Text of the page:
NEW YORK -- Once all of the questions seemed answered in the first round of the NFL draft, more surfaced. Quizzical looks and views followed, and some were stumped more than satisfied. Others expressed absolute joy.
That meant the draft had again delivered.
The beauty of this exercise is always the norm complemented by the extreme, the expected trumped by shock.
And from the first pick through the 32nd, this draft offered plenty to debate and remember.
Smith is expected to replace the huge shoes of left tackle Orlando Pace, who is now with the Chicago Bears.
"I got my own shoes," Smith said. "I give him all the credit, but I know I have to make my own way."
"I have been around him a lot now in the last six months and he is always in a good mood," Curry said of Smith. "He is never negative about anything. He is somebody you want to be around. He is the kind of person you want your kid to sit down and talk to for three hours. I think we're both guys who were lightly recruited out of high school, so we give hope to those kids out there in that boat -- you can make it."
"We're in the NFL, man!" Smith yelled to Curry in the middle of Radio City Music Hall as the two passed each other. They embraced.
If you have identified a player (Alex Mack) at a position (center) that few teams would grab with their high picks and you happen to own a high pick (No. 5), why not trade down? And keep trading down. You can still get your man, be cost efficient and compile picks and players via trades.
The Raiders say that view in part is true but is also way too simple. A Raiders executive said of passing the receiver considered No. 1, Michael Crabtree, for Heyward-Bey: "Crabtree is a heck of a player. But Heyward-Bey gets down the field faster and catches the ball better. He has not even run a pro-style offense yet and we see him flourishing in ours. He can stretch the field in ways that will help our quarterback, other wide receivers, tight ends, running backs, the line, everybody. We liked Jeremy Maclin there, too, but we've got great kick and punt returners. We think this receiver will be very special for us."
Crabtree's eyes were moist in the players' draft Green Room when the Raiders passed on him, ensuring he would not be the first receiver selected. Then, as only karma can provide, the San Francisco 49ers selected Crabtree at No. 10. Across the Bay, Heyward-Bey and Crabtree will always be compared. And the Raiders are the team that runs the risk of missing on Crabtree.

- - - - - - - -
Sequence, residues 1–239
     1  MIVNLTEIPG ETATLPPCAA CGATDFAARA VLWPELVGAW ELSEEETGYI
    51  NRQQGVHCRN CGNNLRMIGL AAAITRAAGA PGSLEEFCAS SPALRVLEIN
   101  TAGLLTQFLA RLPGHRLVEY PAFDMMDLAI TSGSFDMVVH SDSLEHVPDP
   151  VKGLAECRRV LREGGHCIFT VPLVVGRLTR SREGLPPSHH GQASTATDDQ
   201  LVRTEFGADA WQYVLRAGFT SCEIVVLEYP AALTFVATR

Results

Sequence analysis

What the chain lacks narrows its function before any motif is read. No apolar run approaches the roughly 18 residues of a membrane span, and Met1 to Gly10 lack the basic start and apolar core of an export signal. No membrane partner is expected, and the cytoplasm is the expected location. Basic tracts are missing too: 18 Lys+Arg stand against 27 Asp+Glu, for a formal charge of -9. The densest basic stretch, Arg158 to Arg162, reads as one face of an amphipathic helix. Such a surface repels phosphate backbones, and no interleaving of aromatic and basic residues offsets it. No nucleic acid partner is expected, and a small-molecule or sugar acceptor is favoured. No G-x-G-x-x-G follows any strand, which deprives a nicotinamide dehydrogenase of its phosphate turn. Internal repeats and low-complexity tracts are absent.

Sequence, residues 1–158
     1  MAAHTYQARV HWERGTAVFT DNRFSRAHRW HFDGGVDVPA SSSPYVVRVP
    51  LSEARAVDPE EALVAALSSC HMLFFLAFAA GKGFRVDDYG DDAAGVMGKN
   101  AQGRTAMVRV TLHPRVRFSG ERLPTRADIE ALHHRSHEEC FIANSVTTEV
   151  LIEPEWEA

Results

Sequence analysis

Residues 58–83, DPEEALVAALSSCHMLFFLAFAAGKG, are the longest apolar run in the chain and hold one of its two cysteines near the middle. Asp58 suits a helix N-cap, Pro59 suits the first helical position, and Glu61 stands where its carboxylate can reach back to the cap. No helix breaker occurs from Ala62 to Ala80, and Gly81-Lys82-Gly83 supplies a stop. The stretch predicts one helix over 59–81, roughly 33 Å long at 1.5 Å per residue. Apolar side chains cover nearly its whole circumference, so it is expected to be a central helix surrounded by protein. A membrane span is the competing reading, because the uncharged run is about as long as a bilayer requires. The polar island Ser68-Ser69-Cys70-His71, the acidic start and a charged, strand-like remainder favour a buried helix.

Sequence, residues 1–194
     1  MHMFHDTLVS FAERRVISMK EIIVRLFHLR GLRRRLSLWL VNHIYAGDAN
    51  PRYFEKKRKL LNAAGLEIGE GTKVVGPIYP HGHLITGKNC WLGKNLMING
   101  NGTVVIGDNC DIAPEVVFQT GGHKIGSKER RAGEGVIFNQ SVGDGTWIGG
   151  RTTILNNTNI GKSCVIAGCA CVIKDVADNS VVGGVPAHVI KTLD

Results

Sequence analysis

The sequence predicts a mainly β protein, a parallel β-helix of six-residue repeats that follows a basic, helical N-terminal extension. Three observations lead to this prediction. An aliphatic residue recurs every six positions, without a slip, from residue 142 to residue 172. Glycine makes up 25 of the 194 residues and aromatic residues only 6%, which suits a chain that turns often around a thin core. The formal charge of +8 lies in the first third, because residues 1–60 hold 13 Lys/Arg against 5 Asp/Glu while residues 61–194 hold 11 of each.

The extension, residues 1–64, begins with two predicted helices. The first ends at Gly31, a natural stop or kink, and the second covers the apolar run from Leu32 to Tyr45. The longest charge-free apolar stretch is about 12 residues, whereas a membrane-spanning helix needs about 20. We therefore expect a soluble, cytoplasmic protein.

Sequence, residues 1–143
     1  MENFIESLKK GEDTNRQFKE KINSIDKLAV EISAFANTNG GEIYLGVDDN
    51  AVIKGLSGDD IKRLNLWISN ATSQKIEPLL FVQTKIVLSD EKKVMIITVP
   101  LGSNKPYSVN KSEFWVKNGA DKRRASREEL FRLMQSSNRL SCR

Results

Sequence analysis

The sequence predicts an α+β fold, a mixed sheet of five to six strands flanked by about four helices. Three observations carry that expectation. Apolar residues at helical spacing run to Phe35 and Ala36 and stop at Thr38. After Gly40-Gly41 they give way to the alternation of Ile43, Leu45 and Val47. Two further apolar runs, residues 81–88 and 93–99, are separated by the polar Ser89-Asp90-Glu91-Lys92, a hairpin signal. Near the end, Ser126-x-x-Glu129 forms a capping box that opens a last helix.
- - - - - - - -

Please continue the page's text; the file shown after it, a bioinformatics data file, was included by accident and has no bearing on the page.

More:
I asked Crabtree about this, about competing against Heyward-Bey.
"No, I wish him well, that he can catch all the balls he can, and that I will do the same," Crabtree said. "No hard feelings."
No way. Not buying it.
Neither did Curry.
"It was the talk of the room when that happened," Curry said. "Everyone, as far as the players were concerned, were shocked. Knowing Darrius, he is very happy that he just kind of kept quiet and slipped in there as the top receiver. Knowing Michael, he will set out to prove that was the mistake of the entire draft."
Selecting at No. 12, few thought Denver would use that pick on a running back after it had been active in free agency in that area. Few thought Moreno would be off the board before pick No. 20.
At the combine it was easy to see the affection that new Tampa Bay Buccaneers coach Raheem Morris had for quarterback Josh Freeman. They had worked together at Kansas State. They will work together now with the Bucs since he was the team's pick at No. 17. Since the Bucs recently signed free agent quarterback Byron Leftwich, this was one of those head-scratching moments. Unless, of course, you dig deeper.
Freeman said afterward here in the players' draft Green Room: "We have always been able to communicate well and have a mutual respect for each other. Now we get to do it on the highest level of football. I knew they had some interest but you never know how it's going to work out. I think it worked out just right. I'm going to a place where they know me and I can compete and find a way to help us win games."
It must have been a successful meeting.
Another receiver spat may have surfaced at picks No. 29 and No. 30.
Seven defensive linemen flew off the first-round board and six wide receivers were nabbed. Four offensive tackles were grabbed in the first 23 picks.
Nearly every team nibbled. They know this draft table is set for much more, no matter how confounding or appeasing their current picks seem.